The summer has now left and the fall is upon the Chronic Kidney Disease (CKD) Community. Fresh apple harvest brings a variety of recipes such as pie and cider. Along with the changing colors comes delicious food that is packed with CKD appropriate nutrients that assist eye health (antioxidant beta carotene), prostate health (antioxidant lycopene) and more. Here are a few fall foods that people with CKD should not miss out on.
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Sweet Potatoes are rich in the antioxidant beta-carotene as well as fiber, vitamin B6, folate, vitamin C and are delicious baked whole in the oven or roasted with a drizzle of olive oil. Although most CKD patients avoid sweet potatoes because they have higher levels of potassium, leaching can lower potassium levels found in the vegetable. According to the National Kidney Foundation, sweet potatoes should be leached in warm water. Slice the sweet potato into thin pieces and rinse under warm running water. Place them in a warm water bath at a ratio of ten parts water to one part sweet potatoes. Soak for at least two hours. Rinse again in warm water and cook at a ratio of five parts water to one part sweet potatoes. Ask your Dietitian how much leached potatoes are safe for you to personally consume.
Chili will warm you up when the weather turns cold. Traditional recipes and canned chili are high in sodium and may contain high-phosphorus ingredients like beans or are served with cheese. This turns many people with CKD off from the recipe. The key, however, to making chili kidney-friendly is to limit or substitute the beans, tomatoes and tomato sauce while selecting fresh ingredients naturally low in sodium when possible. KidneyBuzz.com has shared a Renal Diet appropriate Chili Recipe in the Impact Meals section of its website.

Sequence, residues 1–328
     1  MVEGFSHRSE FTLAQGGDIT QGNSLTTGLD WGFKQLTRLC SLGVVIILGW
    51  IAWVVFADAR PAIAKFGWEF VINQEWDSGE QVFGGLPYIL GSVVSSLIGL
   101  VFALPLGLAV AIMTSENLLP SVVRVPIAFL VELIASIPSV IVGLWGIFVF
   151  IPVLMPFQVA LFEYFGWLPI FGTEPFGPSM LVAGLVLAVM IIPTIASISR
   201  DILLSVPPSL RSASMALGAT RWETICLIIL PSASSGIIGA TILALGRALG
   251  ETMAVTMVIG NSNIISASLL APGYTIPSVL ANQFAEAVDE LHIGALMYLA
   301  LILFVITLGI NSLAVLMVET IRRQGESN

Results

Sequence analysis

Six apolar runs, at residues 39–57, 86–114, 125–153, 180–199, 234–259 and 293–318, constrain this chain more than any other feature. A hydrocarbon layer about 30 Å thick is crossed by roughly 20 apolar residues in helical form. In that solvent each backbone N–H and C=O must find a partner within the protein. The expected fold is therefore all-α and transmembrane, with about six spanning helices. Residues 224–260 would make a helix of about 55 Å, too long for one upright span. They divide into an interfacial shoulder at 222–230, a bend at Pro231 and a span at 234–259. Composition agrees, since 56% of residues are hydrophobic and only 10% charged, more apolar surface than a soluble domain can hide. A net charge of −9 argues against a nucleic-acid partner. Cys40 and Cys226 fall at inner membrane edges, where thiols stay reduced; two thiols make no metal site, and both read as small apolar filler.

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Brussel Sprouts are little cabbages and are known to be rich in phytochemicals. These sprouts are believed to have antioxidant properties which are a great anti-cancer fighter. They are delicious when roasted in the oven or sautéed and drizzled with olive oil and honey.
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Apples are considered low in potassium with only 158mg of the mineral in the average apple. They provide fiber along with quercitin (heart-healthy antioxidant). Baked apple sprinkled with cinnamon and raisins makes the perfect after dinner treat while apple cider will keep you warm during cold fall nights.
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Cranberries are only found fresh in the fall but they freeze well, so stock up on a few extra bags. In addition to protecting against bladder infections, cranberries protect the stomach from ulcer-causing bacteria and are full of beneficial antioxidants. You should feel free to make homemade cranberry sauce, bake cranberry muffins and add dried cranberries to salads.
The key to successfully following your renal diet is moderation. Balance a wide variety of foods to develop short-term and long-term meal plans that suit your taste while following your dietary restrictions. Consuming too much of any one food can be dangerous, but carefully managing your preparation and consumption allows you to eat things that you enjoy. KidneyBuzz.com encourages those with CKD to use this article for informational purposes only and not as a substitute for suggestions or advice from their Dietitians and Nephrologists. Hence, completely avoid any food that your Nephrologist or Dietitian feels is unsafe and consult with them before making any changes to your renal diet.
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Young, Dr. Lisa. "Delicious -- and Nutritious -- Fall Produce to Eat This Season." The Huffington Post. TheHuffingtonPost.com
Fritscher, Lisa. "Can You Eat Sweet Potatoes on a Renal Diet? Livestrong.com. LiveStrong.
"Favorite Fall Recipes for People with Kidney Disease." Davita.com. - DaVita.